>>see x. So if model #1 predicts the existance of N observer-moments, m of
>>whom see x, I have no a priori reason to say that any of them is more
>>likely to be me than the others. So the Bayesian probability that "I
>>would see x" if model #1 were true is the effective probability, m / N.

>Well, if we assume that it is a priori knowledge that I am an
observer-moment, then why should this a priori knowledge not be used in
evaluating hypotheses? For example by saying: it would be more probable that
I should exit if many observer-moments came into existence? (This is the
Self-Indication Assumption, which as you know I reject. But I would be
interested in hearing your story of why it should be rejected.)

    That's not how a-priori information is used.
    For example, if there are 10 balls in a jar and ether A) 9 iron and 1
wood, or B) 1 iron and 9 wood, and I pick one randomly and see it's iron,
that's new information and I would update my prior to reflect it so I think
A is more likely to be true.
    If on the other hand I tell a robot to go pick one up with a magnet
(assume that it will always pick up one ball) and it fetches me an iron
ball, this does not tell me anything new. I know that if it failed the
first time, it would keep trying and that I would only see the result of
picking an iron ball. (Iron-thropic principle.) This is a-priori

>Second, suppose I say to you: Not only "I exist (am an observer-moment)."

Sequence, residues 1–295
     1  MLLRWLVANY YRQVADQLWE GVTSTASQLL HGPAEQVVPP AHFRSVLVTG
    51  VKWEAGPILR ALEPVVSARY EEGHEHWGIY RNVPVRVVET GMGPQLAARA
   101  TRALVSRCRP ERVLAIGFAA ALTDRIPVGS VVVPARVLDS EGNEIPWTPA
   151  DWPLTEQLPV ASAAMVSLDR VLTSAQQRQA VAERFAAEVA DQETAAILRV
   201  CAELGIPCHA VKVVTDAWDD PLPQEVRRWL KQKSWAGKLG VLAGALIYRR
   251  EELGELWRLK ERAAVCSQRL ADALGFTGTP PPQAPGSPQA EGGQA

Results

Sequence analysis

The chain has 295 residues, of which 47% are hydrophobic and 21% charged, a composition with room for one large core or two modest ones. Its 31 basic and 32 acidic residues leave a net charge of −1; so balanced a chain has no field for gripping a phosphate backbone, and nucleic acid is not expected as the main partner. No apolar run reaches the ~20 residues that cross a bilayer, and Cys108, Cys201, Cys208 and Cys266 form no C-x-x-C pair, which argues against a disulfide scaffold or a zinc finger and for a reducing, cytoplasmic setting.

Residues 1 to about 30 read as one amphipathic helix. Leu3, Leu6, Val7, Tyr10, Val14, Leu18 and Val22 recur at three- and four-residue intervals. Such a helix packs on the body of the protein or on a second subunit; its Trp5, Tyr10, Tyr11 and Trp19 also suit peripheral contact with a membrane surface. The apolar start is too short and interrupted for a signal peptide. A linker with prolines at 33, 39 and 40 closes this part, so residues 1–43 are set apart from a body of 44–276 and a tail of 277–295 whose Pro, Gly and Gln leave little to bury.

>is a priori, but "I exist and I'm currently thinking about something
>related to anthropic reasoning." is also a priori. And for the same reason:
>you couldn't possibly have found out otherwise. Then by reasoning you
>describe, the reference class would not consist of all observer-moments but
>instead of all observer-moments thinking about something related to
>anthropic reasoning. What do you say about that? (Incidentally, I am
>recently drawn to a definition of the reference class which might look
>rather like that.)

    I don't like it - but can't really give a good objection. Usually I say
that the observer must be intelligent enough to be able to use anthropic
reasoning ...
    Still, it is a good question and not unreasonable. In practice, it
makes no difference, since the fraction of observers using anthropic
reasoning is probably not sensitive to the differences in physical models.
    Also, I'm not sure how one would define it precisely.

    Just to be clear for those who may want an example - suppose I know that
either there are 10^6 observers, only 10 of which would think about
anthropic reasoning; or else, I am the only observer.
    The a priori probability of either case (presumably from Occam's razor,
although in this example Occam needs new blades) is 50%.
    If "I am thinking about anthropic reasoning" is a priori info, the prior
remains at 50%.
    If not, then since it is additional ("new") info, the prior is updated
and I know that most probably I am the only observer.

                         - - - - - - -
               Jacques Mallah (
         Physicist / Many Worlder / Devil's Advocate
"I know what no one else knows" - 'Runaway Train', Soul Asylum
         My URL:
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Received on Fri Nov 17 2000 - 15:08:04 PST